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Re: The Logical and Ethical Shortcomings of the Pokémon Games...

Postby Jebobek » Tue Oct 07, 2008 2:57 am UTC

Sir_Elderberry wrote:The more I think about this, the more I realize that nothing in the Pokemon games makes any sense whatsoever, and trying to build any kind of logical framework to fit it into is probably futile. I'm trying to deal with this revelation at the moment.
I know right? You could not even write a science fiction story out of pokemon. No matter how you play it the damn numbers don't add up O.o I mean, if a pokemon faints, you can't catch them, but if they're asleep, oh YEA, THATS when you capture them! Cause you know, theres a huge difference there. Also, whenever they use the term "evolve" incorrectly (always) Darwin does a backflip in his grave.
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Re: The Logical and Ethical Shortcomings of the Pokémon Games...

Postby SecondTalon » Tue Oct 07, 2008 4:03 am UTC

Sir_Elderberry wrote:The more I think about this, the more I realize that nothing in any JRPG and most nonJRPGs make any sense whatsoever, and trying to build any kind of logical framework to fit it into is probably futile. I'm trying to deal with this revelation at the moment.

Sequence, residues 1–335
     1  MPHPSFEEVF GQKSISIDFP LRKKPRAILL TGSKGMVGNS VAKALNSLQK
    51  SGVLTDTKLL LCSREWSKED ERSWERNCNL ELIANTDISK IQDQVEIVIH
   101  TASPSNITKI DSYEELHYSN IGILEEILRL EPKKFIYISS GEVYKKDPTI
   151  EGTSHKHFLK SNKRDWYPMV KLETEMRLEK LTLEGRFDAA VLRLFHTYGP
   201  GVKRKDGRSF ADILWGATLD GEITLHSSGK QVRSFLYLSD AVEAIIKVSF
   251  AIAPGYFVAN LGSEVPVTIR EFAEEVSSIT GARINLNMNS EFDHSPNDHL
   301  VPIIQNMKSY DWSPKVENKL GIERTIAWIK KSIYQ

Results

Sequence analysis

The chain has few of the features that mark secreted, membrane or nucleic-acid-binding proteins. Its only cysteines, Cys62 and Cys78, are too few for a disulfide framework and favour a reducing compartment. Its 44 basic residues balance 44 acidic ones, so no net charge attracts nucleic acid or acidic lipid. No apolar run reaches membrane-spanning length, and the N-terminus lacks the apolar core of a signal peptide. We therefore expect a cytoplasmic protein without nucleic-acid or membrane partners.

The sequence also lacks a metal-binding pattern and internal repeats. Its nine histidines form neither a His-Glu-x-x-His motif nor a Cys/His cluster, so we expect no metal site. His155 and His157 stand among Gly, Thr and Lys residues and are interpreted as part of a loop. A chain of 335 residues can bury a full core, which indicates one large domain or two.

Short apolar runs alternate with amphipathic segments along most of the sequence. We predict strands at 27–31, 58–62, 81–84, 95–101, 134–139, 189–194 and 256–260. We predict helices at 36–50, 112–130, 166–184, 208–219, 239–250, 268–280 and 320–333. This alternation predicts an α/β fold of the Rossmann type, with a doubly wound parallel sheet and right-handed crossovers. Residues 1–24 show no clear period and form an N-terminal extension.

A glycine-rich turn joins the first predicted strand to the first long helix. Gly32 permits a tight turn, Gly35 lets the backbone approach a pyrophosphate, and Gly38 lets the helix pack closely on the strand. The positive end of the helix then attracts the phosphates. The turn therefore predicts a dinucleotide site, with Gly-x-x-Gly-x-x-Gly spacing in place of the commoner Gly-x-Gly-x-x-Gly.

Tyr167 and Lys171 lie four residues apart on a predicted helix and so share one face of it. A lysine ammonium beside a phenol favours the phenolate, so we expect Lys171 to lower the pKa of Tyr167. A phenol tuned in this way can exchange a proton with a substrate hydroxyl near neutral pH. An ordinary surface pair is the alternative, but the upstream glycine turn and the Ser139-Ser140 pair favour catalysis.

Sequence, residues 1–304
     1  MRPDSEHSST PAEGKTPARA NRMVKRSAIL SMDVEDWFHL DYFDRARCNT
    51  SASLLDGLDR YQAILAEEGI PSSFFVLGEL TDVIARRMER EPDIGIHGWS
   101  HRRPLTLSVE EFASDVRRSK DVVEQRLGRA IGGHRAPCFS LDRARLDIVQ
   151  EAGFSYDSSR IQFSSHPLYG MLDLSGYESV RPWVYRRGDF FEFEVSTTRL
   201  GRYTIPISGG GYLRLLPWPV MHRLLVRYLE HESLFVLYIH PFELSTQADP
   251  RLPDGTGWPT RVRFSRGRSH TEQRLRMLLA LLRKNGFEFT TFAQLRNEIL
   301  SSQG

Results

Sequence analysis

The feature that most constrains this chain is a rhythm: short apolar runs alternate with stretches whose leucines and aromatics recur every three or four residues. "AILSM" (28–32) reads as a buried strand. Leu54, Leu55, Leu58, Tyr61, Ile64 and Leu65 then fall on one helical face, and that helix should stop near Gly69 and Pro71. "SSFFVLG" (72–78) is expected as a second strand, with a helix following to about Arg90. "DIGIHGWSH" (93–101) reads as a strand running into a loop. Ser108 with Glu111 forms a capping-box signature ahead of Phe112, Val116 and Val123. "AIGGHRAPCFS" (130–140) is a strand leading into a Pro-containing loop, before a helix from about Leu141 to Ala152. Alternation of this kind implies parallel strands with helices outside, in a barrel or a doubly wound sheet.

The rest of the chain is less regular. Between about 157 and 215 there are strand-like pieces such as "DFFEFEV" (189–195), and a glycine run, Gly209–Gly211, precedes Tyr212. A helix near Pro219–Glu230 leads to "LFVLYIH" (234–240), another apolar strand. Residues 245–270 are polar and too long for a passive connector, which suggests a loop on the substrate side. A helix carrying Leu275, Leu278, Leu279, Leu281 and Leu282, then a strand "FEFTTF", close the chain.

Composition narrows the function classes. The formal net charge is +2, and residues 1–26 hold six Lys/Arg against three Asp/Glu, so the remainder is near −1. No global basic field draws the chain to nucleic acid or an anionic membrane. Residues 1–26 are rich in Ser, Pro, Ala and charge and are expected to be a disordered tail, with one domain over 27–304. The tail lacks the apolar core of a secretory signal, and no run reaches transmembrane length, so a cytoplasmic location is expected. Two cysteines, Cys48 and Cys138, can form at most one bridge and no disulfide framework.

Oh hai i fix'd it for you!

Because really, that's what it comes down to. Any RPG with scaling regions (That is, why would all the badass predators live in one area.. wouldn't some of the not-so-badass ones move to the lower level areas where they could dominate the food chain?) makes no sense. Any RPG with guards that are always stronger than you makes no sense as you no longer serve a purpose. Any RPG with godlike NPCs rarely make any sense, as the godlike NPCs should logically get off their asses and handle whatever the problem is themselves.

And lets not even get started on RPGs where the ancients apparently had antimatter grenade phase cannons mounted on grizzly bear ninja-wizards that are on fire yet couldn't defeat the Ultimate Evil (merely seal it away), until your dumb ass comes along with a goddamn pointy metal stick that glows and yet you're somehow able to do it. Not to mention that they didn't fucking disintegrate the key to the seal, merely broke it into pieces or some nonsense. I mean, hell.. if it's indestructible, shoot it into the goddamn sun! Problem solved forever, or until the sun goes Nova.